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N. Korea fires three missiles after denouncing US, S. Korea for extending aerial drills

US Air Force to dispatch B-1B Lancer bomber to S.Korea

Passersby watch a news report on North Korean missile launches early Thursday at Yongsan Station in Seoul. (Im Se-jun/The Korea Herald)
Passersby watch a news report on North Korean missile launches early Thursday at Yongsan Station in Seoul. (Im Se-jun/The Korea Herald)

North Korea fired three more short-range ballistic missiles Thursday night, after a top North Korean military official denounced South Korea and the US for extending the “Vigilant Storm” air combat exercise.

The South Korean military detected three short-range ballistic missiles being fired from the area of Koksan County in North Hwanghae Province toward the East Sea from 9:35 p.m. to 9:49 p.m., according to the Joint Chiefs of Staff.

The short-range ballistic missiles traveled about 490 kilometers at a speed of Mach 6 and an altitude of 130 km, the JCS said in a statement, adding that South Korean and US intelligence authorities are analyzing the specifications.

“Our military will maintain a firm readiness posture while tracking and monitoring related moves in preparation for further provocations by North Korea in close coordination with the US,” the JCS said.

The South Korean military also detected around 80 artillery shots being fired from Kumgang County in Kangwon Province off the east coast from 11:28 p.m. on Thursday.

The artillery shots fell inside the inter-Korean maritime buffer zone, but north of the Northern Limit Line. The two Koreas agreed to cease all live-fire and maritime maneuver exercises in the buffer zones in a military tension reduction deal signed during the inter-Korean summit on Sept. 19, 2018.

The South Korean government said the artillery firing violated the Sept. 19 Comprehensive Military Agreement.

In addition, the South Korean military scrambled military aircraft, including F-35A fighter jets, on Friday after detecting North Korean military aircraft flying near a tactical action line.

The South Korean military spotted about 180 flight trails from 11 a.m. to 3 p.m., the JCS said, without providing further details including the number of North Korean planes involved in a formation flight.

North Korean warplanes were detected flying in multiple inland areas and along the country’s eastern and western coasts.

A series of military actions came after Pak Jong-chon, who serves as vice chairman of the Central Military Commission of the Workers’ Party of Korea, slammed South Korea and the US for deciding to extend the Vigilant Storm combined military exercise in a press statement.

Pak denounced the joint move by the allies as a “very dangerous and false choice,” alluding to further provocations by North Korea.

“The irresponsible decision of the US and South Korea is shoving the present situation caused by provocative military acts of the allied forces to an uncontrollable phase,” he said in an English-language statement issued by the Korean Central News Agency. “The US and South Korea will get to know what an irrevocable and awful mistake they made.”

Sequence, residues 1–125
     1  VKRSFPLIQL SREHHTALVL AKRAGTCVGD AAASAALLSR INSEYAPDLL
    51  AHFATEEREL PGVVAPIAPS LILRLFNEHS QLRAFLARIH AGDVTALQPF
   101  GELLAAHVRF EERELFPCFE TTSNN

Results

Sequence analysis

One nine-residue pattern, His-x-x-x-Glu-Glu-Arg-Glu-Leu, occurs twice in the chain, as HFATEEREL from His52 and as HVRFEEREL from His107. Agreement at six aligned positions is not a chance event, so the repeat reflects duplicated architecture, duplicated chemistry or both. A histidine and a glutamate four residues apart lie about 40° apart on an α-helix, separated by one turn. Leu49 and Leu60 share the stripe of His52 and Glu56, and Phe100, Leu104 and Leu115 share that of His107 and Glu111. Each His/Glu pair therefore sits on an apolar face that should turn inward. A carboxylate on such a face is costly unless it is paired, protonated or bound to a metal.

The allies made the decision to extend the combined aerial drills on Thursday in response to the recent continuous provocations by North Korea.

The US Defense Department on Thursday confirmed that the combined air exercise has currently been extended to Saturday.

“We remain in close coordination with our ROK ally on any additional changes and the security environment on the Korean Peninsula. Our commitment to the defense of the ROK is ironclad,” Pentagon spokesman Lieutenant Colonel Martin Meiners said in a statement. 

North Korea fired one intercontinental ballistic missile and two short-range ballistic missiles off the east coast on Thursday morning. Pyongyang also fired 25 missiles and around 100 artillery shells over the course of approximately 11 hours on Wednesday.

South Korea’s Air Force explained that such action was necessary to “demonstrate the solid combined defense posture of the ROK-US alliance under the current security crisis, which is heightened by North Korean provocations,” using an abbreviation for South Korea’s official name.

The US Air Force will reportedly dispatch a B-1B Lancer bomber from Andersen Air Force Base on Guam in the Western Pacific to the Korean Peninsula on Saturday. 

A B-1B Lancer bomber will participate in the Vigilant Storm exercise. The US Air Force’s B-1 Lancer is a supersonic heavy bomber that can fly anywhere in the world within 24 hours.

South Korea and the US on Monday began conducting the five-day, large-scale Vigilant Storm aerial combat exercise to enhance combat readiness and train for wartime contingencies, amid mounting threats from North Korea.

An informed military source, who wished to remain anonymous, said South Korean Defense Minister Lee Jong-sup directly made the extension proposal to the US side during a banquet with US Defense Secretary Lloyd Austin in the run-up to their annual bilateral security talks.

The proposal followed President Yoon Suk-yeol's directive to take additional steps in response to the missile launch on Thursday morning.

North Korea has taken a series of escalatory steps at a sensitive time.

The South Korean and US defense chiefs met for their annual security talks on Thursday in Washington and discussed ways to enhance the alliance’s deterrence and readiness against escalating North Korean threats.

In addition, South Korea has been in a weeklong national mourning period for the victims of Saturday night’s crowd surge disaster in Itaewon, Seoul.



By Ji Da-gyum (dagyumji@heraldcorp.com)
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